NCUIH Hires a New Executive Director


July 31st, 2017

Contact: Ashley Tuomi, DHSc

NCUIH President

On behalf of the National Council of Urban Indian Health, I am very pleased to announce that the Executive Director position has been filled by Francys Crevier. Francys previously served NCUIH as the Director of Governmental Affairs and has brought a lot of experience to NCUIH. Francys will assume her role as the Executive Director effective immediately.

Francys Crevier (Algonquin) has been serving Indian Country for a little over a decade. She has served in various capacities from clerking for Tribal supreme courts and working for the United Nations Special Rapporteur for the Rights of Indigenous Peoples to representing Tribes as in-house counsel and special prosecutor. She joined the Indian healthcare field in 2015 to advocate for better healthcare in Indian Country as well as educate Tribal members and communities on their alternative healthcare options. She joined NCUIH in 2016 as the Policy Analyst and Congressional Relations Liaison and later became the Director of Governmental Affairs. Francys received her J.D. from University of Arizona Law with a Certificate in Indigenous Peoples Law and Policy and her B.A. in Public Administration from Florida International University.

Please join me and the rest of the Board of Directors in congratulating Francys on her new position. There will be a welcome call on August 15th at 2pm. Look for the invite to come out soon for your chance to talk with our new Executive Director.


Ashley Tuomi

NCUIH and NCAID Release a Major Survey on American Indians with Disabilities


July 17, 2017

Contact: Ryan Young Coordinator, Technical Assistance and Research Center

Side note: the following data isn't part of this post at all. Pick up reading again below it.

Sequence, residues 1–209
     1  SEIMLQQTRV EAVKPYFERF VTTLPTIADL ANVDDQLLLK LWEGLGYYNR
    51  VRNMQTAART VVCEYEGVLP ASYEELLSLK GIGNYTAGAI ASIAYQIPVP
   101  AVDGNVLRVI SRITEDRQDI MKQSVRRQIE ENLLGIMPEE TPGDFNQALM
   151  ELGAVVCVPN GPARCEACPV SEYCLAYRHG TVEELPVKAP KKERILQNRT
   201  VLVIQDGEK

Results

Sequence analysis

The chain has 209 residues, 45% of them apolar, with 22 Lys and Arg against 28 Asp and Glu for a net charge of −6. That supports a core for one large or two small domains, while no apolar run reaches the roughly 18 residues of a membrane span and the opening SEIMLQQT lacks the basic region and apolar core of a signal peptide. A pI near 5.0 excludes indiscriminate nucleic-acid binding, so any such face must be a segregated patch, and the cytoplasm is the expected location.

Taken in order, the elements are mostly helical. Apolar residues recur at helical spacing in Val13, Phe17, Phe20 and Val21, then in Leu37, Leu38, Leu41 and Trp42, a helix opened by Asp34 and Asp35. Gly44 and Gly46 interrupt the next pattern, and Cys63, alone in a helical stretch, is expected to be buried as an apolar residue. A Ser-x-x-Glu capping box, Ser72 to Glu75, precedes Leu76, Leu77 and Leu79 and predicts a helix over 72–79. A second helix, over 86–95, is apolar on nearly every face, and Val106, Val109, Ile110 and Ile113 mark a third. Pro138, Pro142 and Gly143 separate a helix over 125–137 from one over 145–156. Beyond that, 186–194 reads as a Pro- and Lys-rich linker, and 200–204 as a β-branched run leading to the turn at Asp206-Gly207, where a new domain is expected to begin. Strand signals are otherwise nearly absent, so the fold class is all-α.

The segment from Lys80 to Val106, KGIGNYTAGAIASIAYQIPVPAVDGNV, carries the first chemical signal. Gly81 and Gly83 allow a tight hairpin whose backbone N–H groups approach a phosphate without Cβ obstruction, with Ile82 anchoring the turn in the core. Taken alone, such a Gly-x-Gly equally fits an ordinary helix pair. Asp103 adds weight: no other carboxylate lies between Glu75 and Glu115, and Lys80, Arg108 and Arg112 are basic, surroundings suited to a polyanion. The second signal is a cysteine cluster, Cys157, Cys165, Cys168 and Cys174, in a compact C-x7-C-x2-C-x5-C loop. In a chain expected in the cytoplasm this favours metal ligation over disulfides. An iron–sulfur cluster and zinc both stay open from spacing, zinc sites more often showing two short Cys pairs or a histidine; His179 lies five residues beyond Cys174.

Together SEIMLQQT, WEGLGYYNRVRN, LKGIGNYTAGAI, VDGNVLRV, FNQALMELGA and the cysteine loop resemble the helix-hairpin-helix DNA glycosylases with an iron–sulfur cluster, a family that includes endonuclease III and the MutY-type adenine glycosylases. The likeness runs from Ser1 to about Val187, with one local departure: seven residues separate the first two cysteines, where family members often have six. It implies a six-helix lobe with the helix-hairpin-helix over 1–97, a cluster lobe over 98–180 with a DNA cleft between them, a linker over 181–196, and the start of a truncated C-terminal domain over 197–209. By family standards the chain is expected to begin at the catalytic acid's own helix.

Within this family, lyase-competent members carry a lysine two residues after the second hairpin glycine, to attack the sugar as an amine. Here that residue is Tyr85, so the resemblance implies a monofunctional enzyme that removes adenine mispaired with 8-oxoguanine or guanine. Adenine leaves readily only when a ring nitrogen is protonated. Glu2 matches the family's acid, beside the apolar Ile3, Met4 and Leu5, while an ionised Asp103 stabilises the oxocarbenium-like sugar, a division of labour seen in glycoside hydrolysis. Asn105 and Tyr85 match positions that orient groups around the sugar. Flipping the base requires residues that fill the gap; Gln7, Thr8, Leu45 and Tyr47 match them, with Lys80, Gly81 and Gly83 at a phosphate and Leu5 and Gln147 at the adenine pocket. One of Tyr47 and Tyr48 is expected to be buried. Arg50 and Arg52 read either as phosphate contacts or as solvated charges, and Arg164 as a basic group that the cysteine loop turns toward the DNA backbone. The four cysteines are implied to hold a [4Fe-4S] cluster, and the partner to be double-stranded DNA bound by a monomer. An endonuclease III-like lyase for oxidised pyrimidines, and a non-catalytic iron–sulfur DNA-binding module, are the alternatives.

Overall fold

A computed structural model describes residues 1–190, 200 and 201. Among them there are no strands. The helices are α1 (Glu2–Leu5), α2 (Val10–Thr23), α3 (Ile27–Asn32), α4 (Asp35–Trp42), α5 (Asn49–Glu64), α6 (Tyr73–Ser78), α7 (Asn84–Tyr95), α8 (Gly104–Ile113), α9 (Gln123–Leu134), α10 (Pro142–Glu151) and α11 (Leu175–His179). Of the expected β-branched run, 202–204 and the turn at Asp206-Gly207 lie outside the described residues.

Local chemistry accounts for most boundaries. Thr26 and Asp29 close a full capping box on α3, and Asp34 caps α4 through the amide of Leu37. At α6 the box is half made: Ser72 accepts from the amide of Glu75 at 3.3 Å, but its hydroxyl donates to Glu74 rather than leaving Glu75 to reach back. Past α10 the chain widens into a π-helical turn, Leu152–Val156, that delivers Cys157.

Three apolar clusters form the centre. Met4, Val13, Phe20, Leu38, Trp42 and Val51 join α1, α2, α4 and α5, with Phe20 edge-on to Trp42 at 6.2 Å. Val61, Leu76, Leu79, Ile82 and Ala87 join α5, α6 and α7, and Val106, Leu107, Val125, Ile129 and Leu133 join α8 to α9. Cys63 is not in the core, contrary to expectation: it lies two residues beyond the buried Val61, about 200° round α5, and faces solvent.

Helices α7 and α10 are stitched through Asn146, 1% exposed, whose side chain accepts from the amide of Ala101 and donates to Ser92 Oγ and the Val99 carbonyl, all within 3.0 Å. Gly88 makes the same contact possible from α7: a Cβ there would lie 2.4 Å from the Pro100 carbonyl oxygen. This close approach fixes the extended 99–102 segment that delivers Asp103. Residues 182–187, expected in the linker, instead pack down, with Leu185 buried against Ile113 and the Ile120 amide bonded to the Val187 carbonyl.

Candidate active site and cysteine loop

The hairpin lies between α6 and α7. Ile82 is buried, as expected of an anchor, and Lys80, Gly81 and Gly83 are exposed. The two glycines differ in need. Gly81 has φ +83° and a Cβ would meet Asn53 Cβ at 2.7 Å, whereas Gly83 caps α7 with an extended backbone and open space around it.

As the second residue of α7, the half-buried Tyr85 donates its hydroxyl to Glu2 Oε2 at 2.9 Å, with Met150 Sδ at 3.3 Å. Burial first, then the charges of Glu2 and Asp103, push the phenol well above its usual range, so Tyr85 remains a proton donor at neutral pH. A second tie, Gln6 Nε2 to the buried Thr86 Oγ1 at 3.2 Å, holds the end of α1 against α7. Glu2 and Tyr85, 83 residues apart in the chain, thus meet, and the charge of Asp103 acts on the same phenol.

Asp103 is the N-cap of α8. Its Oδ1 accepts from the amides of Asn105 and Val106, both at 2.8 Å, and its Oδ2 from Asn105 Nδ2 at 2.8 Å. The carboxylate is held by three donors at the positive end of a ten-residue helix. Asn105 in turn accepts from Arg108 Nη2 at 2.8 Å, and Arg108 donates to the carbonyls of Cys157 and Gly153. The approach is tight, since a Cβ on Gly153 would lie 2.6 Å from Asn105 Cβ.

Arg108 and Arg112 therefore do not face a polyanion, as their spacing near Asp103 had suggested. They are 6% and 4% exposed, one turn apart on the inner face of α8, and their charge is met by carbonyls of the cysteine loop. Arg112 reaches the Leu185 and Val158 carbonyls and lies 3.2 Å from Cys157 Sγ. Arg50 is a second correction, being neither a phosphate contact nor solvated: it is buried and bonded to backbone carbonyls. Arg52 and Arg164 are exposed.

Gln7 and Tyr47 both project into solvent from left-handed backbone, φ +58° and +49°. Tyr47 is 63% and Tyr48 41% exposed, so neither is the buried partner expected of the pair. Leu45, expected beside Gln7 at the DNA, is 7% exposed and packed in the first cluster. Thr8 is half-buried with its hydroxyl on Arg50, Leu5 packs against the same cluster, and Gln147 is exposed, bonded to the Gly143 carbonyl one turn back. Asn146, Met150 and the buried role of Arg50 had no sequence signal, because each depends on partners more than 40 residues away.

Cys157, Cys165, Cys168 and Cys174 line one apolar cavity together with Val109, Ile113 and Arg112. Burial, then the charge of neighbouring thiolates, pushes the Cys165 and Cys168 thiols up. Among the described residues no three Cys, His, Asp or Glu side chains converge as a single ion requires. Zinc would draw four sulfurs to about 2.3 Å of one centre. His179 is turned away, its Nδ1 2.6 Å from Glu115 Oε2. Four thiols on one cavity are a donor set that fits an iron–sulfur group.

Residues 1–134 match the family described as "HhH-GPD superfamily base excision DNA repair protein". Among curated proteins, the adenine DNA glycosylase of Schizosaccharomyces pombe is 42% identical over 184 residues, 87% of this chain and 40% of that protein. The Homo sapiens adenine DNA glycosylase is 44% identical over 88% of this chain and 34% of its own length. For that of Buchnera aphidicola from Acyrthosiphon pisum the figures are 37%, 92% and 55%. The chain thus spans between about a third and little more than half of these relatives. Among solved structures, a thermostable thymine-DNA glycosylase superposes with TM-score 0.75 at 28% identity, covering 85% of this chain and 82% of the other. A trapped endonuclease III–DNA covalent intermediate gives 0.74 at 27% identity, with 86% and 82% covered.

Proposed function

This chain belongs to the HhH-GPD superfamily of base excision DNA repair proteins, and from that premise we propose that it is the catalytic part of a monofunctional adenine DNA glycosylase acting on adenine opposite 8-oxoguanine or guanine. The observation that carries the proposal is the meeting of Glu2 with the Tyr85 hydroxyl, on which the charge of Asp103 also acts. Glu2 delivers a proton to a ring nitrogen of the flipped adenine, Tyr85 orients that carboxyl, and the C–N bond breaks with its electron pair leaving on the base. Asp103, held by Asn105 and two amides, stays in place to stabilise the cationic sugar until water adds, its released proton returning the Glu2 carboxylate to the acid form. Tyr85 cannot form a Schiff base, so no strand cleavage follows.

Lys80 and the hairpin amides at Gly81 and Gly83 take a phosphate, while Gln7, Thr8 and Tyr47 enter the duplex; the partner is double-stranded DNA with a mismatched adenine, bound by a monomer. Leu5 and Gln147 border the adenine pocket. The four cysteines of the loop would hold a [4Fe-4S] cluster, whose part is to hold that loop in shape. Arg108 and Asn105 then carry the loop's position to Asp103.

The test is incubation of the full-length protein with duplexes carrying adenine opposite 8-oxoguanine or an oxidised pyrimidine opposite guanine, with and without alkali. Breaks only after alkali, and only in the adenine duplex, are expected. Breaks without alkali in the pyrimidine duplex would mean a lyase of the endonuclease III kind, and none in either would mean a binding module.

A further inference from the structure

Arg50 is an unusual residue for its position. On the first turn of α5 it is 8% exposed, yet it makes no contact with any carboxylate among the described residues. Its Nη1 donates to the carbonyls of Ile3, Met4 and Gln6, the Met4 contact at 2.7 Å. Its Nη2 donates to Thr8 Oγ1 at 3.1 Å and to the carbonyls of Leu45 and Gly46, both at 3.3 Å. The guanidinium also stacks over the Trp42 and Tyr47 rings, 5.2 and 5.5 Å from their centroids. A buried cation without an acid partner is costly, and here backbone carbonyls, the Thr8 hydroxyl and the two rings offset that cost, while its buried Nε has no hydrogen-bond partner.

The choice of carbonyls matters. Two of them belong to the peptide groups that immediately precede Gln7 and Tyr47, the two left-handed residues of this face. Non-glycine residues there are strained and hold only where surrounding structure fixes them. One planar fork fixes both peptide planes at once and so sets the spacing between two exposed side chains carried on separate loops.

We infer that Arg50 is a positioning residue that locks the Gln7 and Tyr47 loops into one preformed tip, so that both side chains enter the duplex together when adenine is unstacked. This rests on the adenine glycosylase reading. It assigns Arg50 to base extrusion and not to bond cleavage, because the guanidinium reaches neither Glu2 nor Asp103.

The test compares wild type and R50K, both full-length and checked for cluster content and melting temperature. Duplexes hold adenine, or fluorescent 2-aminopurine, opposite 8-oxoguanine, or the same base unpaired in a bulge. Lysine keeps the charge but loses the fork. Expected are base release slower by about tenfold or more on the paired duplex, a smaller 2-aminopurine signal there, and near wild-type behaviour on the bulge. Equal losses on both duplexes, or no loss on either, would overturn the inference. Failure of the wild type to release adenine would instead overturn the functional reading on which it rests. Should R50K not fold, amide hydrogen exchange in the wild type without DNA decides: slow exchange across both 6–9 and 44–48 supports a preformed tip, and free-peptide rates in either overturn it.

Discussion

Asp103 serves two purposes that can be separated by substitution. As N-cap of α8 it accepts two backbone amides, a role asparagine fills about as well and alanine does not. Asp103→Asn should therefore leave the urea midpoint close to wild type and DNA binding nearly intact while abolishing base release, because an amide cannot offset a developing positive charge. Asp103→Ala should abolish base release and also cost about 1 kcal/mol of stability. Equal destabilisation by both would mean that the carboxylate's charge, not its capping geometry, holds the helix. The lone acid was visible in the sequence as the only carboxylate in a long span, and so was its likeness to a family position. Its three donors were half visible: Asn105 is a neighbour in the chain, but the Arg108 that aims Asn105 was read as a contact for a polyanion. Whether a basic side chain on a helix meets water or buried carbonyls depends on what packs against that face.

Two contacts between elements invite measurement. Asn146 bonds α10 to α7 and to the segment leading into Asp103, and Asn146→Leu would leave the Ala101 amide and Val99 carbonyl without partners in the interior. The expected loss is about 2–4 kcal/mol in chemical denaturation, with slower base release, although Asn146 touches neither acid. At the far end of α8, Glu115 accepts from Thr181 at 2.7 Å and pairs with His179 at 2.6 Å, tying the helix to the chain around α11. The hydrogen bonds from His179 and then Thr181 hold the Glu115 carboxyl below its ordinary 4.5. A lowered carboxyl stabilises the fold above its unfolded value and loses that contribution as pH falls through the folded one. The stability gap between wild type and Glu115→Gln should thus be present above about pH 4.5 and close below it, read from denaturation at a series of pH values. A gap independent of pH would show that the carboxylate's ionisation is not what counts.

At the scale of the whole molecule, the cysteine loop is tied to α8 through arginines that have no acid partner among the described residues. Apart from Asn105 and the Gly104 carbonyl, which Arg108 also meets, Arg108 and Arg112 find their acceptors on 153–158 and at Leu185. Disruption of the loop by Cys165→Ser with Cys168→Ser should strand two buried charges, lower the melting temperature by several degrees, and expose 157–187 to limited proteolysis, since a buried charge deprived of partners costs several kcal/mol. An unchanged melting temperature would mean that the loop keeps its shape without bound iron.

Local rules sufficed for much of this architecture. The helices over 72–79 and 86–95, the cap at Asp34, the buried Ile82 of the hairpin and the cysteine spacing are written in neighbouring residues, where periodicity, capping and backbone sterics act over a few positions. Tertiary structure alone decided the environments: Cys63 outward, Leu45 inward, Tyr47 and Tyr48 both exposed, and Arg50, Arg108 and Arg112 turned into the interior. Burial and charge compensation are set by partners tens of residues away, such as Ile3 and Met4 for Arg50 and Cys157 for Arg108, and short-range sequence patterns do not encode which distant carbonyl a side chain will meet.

National Council of Urban Indian Health

NCUIH and NCAID Release a Major Survey on American Indians with Disabilities

WASHINGTON – The National Council of Urban Indian Health (NCUIH) in collaboration with the National Center on American Indians with Disabilities (NCAID) are conducting a comprehensive resource and needs assessment pilot project called “Native Communities Living United for Disability Equality” (NCLUDE). This first of its kind survey will examine the level of inclusion of urban AI/ANs living with disabilities in California, Oregon, and Washington. This assessment is meant to identify barriers to care and services, as well as opportunities to expand services, while increasing the knowledge base on this vulnerable population.

Urban AI/ANs living with disabilities face tremendous challenges to participate in their communities. Approximately 27 percent of nearly 5.4 million American Indian/Alaska Native (AI/AN) people living in the United States lives with a disability–a rate higher than any other demographic in the United States (2015 American Community Survey). There are roughly 1 million urban AI/ANs that live with disabilities, given that 71 percent of the AI/AN population lives in urban areas.

To read full Press Release click here.